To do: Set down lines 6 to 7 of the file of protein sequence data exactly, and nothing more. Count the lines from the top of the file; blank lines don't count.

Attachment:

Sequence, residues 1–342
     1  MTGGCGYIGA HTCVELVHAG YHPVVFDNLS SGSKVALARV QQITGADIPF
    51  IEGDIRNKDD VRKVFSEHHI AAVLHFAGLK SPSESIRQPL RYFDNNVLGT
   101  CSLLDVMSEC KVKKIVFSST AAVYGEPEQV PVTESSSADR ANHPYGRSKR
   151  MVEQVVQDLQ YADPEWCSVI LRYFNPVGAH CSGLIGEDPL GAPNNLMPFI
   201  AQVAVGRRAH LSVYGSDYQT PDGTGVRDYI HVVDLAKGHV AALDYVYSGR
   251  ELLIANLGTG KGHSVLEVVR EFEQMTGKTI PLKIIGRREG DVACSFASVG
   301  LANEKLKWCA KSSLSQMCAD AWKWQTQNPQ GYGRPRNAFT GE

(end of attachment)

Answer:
   201  AQVAVGRRAH LSVYGSDYQT PDGTGVRDYI HVVDLAKGHV AALDYVYSGR
   251  ELLIANLGTG KGHSVLEVVR EFEQMTGKTI PLKIIGRREG DVACSFASVG